AP/Elaine Thompson
A firefighter stands near the Valley Fire in Middletown, California, on September 13, 2015. Two of California's fastest-burning wildfires in decades overtook several Northern California towns, killing at least one person and destroying hundreds of homes and businesses.

‘Entire Neighborhoods Turned to Ash’: Wildfire Sweeps Over Two Counties, Woman Killed

Richard Walker

The nightmare moved through Middletown, California with the speed of a train and the roar of a tornado.

Only a day before – on Saturday, September 12 – life in this small resort community of 1,400 residents seemed typical. Visitors dined or played at the Twin Pine Casino and Hotel on the Middletown Pomo Rancheria. Families packed lunches and headed to Middletown Trailside Nature Preserve or one of the area’s lakes. Hardester’s Market & Hardware in downtown was humming with shoppers buying what they needed for the next week.

Then, at about 1:24 p.m., a tragic convergence took place in Glenbrook, 11.5 miles northwest as the crow flies: a fire, swift winds, and a landscape turned tinder dry by drought. Within 30 minutes, sheriff’s officers were receiving calls for help evacuating the area from fire officials and residents; by nightfall, the fire claimed the life of an elderly woman who was not able to get out of her home without assistance.

“The resident was apparently unable to self-evacuate and responders were unable to make it to her home before the fire engulfed the structure,” Lake County Sheriff’s Lt. Steve Brooks reported.

“The Sheriff’s Office and all first responders express their condolences to those who have been affected by this disaster. We are hopeful that the fire does not claim any more lives.”

By 4:10 p.m. September 13, the wind-whipped wildfire had consumed 50,000 acres -- including much of the communities of Cobb and Hidden Valley Lake and Middletown, according to news reports – in its march into neighboring Napa County. By evening September 13, the fire had grown to 62,000 acres, with 10 percent containment. Hundreds of homes and hundreds of other structures were destroyed; another 9,000 structures were threatened, according to Cal Fire.

The wall of fire moved so fast that residents in its path had very little time to react. Their only choice: flee now. Some 10,000 people in Lake and Napa counties had been evacuated and more than 40 structures destroyed by nightfall September 12, according to KPIX Channel 5 in San Francisco, which called the wild conflagration “a monstrous fire of historic proportions.”

California Governor Jerry Brown declared a state of emergency.

“It’s a huge fire and it moved very quickly,” KPIX’s Joe Vazquez reported September 12 from what was left of Middletown. “The scope of it we’re not sure about, but we’ve seen home after home just leveled to the ground, smoldering in ruins, entire neighborhoods turned to ash.”

Region wide, at least 5,000 homes and businesses were without power, Cal Fire reported September 13. The Geysers, a geothermal power plant in Middletown, was reportedly destroyed.

Four firefighters were hospitalized with second-degree burns; they were expected to make full recoveries, KPIX reported. Volunteers assisted evacuees at shelters set up at churches, fairgrounds, and schools.

The region is the home of Big Valley Pomo, Habematolel Pomo, Middletown Pomo and Robinson Pomo, and Pomo citizens live in the affected communities and on reservations – known as “rancherias” here – in the area. The Big Valley Pomo Tribe sheltered evacuees in its gymnasium.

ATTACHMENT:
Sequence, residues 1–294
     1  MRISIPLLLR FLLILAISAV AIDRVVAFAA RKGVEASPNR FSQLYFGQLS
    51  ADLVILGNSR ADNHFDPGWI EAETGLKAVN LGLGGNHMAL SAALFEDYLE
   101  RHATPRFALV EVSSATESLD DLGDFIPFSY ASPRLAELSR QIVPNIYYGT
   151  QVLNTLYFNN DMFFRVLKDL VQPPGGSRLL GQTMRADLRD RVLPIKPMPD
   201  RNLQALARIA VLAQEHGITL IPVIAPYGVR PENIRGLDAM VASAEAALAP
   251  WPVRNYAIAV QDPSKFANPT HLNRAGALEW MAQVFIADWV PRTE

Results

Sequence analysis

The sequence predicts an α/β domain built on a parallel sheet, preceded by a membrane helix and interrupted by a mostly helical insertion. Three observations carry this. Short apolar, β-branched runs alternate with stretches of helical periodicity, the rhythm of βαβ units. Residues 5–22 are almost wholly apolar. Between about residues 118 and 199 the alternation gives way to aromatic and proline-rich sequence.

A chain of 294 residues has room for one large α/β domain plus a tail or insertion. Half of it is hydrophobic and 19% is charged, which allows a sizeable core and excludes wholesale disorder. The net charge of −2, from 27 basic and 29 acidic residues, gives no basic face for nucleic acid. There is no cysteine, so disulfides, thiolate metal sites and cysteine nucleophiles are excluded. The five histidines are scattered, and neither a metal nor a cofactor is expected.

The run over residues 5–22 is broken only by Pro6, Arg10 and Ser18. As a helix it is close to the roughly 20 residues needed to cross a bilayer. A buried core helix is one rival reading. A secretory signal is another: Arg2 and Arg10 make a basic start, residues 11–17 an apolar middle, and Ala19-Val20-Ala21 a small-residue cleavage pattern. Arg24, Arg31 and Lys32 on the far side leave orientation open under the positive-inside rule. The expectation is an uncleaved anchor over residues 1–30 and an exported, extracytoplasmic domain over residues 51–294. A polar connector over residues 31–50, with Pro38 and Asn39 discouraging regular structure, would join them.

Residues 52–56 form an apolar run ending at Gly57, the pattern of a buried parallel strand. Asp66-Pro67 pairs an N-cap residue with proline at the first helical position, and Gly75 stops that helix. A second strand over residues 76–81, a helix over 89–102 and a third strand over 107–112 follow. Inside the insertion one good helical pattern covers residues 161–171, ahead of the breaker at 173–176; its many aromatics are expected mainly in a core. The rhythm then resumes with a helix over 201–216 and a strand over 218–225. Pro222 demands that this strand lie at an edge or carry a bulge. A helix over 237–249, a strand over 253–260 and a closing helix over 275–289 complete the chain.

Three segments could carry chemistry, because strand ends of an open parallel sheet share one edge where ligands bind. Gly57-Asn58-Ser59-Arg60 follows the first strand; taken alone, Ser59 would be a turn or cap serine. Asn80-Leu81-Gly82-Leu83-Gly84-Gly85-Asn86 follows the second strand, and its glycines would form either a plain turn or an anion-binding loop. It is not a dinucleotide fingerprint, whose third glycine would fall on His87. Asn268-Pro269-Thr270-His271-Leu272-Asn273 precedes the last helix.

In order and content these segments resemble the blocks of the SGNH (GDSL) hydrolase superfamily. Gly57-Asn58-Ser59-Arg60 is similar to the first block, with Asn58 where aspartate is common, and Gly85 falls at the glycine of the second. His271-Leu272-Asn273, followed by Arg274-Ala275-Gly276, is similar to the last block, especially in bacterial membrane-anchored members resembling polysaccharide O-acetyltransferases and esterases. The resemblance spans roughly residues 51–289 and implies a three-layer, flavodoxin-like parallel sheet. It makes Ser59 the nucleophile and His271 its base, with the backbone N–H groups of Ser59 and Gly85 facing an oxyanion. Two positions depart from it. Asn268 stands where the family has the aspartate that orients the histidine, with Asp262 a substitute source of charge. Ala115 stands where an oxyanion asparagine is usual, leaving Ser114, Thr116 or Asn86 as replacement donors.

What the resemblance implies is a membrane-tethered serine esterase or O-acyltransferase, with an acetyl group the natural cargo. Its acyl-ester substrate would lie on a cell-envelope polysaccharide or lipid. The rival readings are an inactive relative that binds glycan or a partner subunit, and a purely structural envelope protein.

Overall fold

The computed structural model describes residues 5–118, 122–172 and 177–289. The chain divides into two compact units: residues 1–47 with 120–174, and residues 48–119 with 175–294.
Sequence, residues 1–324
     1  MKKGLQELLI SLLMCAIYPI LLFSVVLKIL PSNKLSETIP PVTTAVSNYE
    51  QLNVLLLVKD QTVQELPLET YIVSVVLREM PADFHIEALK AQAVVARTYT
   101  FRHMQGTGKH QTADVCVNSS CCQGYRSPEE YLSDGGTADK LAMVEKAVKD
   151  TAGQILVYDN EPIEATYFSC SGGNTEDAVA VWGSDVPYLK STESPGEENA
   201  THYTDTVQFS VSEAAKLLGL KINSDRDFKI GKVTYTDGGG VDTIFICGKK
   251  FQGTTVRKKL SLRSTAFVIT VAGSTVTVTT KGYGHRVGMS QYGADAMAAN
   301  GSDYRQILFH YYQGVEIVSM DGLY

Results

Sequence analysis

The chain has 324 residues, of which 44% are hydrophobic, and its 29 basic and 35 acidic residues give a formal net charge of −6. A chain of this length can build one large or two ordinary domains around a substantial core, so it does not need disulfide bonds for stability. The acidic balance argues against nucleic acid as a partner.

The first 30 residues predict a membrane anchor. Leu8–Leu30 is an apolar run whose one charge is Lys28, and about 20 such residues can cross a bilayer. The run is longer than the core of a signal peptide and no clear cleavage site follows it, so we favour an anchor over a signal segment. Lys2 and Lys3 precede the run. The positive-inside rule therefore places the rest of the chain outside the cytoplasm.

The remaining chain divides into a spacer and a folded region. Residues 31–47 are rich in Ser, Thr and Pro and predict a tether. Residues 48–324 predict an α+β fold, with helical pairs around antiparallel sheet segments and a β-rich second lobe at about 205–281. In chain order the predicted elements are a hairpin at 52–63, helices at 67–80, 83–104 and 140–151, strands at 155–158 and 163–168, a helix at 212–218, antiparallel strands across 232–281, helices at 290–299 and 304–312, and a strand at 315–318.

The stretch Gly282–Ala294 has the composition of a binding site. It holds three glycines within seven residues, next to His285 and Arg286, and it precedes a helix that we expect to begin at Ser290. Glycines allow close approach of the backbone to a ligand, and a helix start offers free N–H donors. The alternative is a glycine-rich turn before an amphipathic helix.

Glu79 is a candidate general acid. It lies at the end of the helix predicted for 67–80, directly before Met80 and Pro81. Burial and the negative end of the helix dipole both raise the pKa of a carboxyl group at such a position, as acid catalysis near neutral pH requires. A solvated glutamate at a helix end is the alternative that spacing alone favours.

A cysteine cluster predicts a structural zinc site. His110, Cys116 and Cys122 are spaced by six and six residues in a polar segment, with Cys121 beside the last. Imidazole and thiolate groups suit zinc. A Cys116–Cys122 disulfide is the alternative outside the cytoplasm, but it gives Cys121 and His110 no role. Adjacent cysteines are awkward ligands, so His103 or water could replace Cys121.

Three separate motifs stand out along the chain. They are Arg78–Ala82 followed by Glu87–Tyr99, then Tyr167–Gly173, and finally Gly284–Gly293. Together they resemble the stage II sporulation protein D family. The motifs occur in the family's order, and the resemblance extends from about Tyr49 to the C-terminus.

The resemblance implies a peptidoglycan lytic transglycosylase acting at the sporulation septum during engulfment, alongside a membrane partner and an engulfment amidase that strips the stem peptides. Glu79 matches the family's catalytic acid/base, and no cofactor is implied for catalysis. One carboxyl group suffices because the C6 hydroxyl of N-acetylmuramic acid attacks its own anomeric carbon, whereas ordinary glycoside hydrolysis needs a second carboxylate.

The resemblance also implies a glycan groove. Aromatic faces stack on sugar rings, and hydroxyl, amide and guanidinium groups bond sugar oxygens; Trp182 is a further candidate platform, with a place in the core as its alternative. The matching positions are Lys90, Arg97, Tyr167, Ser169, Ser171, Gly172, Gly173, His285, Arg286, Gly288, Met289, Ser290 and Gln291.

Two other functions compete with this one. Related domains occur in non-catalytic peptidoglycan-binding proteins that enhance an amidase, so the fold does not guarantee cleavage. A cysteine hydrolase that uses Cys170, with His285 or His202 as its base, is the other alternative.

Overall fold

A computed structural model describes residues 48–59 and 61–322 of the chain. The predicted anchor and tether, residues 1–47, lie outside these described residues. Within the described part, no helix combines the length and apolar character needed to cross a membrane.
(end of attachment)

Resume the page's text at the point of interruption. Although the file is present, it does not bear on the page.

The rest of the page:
“Middletown sustained heavy damage. Many buildings lost. We don’t know if that was one of them,” the Lake County Record-Bee responded September 12 to an ICTMN question over social media in regards to the Lake County Tribal Health Clinic in Middletown possibly being destroyed.

Twin Pine Casino & Hotel had survived the fire September 12 but was closed. The casino posted a notice on Facebook: “The casino is still standing and has not suffered any fire damage. The casino is temporarily closed and will remain closed until further notice.”

On September 14, 1,448 fire personnel in 40 crews, 157 engines, four air tankers, 10 helicopters, 16 dozers and 53 water tenders were battling the blaze. Agencies involved include the National Guard, CAL FIRE, California Highway Patrol, California Department of Corrections, South Lake County Fire Protection District, sheriff’s offices from Napa, Sonoma, and Lake counties, and many local fire departments.

Michelle Hammock, Pomo, recommended that people from outside the area check #valleyfire online for ways to help the recovery effort. “There are a few places that are offering to collect donations of food, clothing and hygiene needs for displaced residents,” she said. “Definitely would be nice to see if nearby folks out of the danger zones could have a way to offer help and/or homes, tents, safe camp, cooking supplies for humans and places for livestock.”

Others said tents are needed. “So many are without homes right now,” one resident said. “The campgrounds are free for them right now but people need camping supplies, and just about everything. It's pretty devastating.” Another area resident recommended sending gift cards for necessities. Looking ahead to the aftermath, he said residents will need help cleaning up.

Another resident recommended simply, “Pray.”

The now-designated Valley Fire is one of seven active fires that have consumed 358,348 acres of parched California landscape. According to KPIX, this fire is the fifth in Lake County this fire season, but the others were in rural areas; this one is chewing through towns.

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